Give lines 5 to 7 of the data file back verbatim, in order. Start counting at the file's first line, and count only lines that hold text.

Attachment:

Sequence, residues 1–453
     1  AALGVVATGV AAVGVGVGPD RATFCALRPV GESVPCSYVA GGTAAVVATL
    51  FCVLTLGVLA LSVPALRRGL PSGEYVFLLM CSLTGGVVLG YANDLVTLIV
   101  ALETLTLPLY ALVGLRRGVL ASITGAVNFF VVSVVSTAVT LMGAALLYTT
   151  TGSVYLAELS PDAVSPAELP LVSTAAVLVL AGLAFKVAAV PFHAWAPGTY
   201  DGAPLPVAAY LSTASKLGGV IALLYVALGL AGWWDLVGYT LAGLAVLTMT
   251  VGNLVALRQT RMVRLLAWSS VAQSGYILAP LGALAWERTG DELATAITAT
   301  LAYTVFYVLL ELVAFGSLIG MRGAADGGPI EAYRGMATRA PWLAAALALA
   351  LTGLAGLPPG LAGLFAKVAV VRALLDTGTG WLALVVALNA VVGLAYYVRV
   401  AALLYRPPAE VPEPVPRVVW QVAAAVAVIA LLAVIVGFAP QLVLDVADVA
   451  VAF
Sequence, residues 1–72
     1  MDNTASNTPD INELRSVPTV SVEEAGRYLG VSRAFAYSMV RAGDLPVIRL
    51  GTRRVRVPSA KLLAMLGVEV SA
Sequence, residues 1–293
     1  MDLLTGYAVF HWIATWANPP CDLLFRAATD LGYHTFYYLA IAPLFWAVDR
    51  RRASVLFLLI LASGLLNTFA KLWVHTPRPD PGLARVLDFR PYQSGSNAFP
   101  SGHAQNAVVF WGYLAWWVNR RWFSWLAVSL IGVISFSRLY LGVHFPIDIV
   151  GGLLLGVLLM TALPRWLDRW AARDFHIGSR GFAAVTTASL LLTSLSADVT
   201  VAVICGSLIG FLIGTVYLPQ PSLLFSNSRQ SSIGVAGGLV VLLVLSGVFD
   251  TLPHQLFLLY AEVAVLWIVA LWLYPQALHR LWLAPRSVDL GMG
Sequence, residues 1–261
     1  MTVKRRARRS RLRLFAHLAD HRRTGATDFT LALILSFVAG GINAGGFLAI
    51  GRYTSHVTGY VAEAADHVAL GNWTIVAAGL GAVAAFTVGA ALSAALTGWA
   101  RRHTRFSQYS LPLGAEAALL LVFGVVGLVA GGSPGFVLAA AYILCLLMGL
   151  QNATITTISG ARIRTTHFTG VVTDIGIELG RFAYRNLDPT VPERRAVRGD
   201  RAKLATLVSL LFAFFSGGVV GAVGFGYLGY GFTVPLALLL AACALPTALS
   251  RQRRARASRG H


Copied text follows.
   151  TGSVYLAELS PDAVSPAELP LVSTAAVLVL AGLAFKVAAV PFHAWAPGTY
   201  DGAPLPVAAY LSTASKLGGV IALLYVALGL AGWWDLVGYT LAGLAVLTMT
   251  VGNLVALRQT RMVRLLAWSS VAQSGYILAP LGALAWERTG DELATAITAT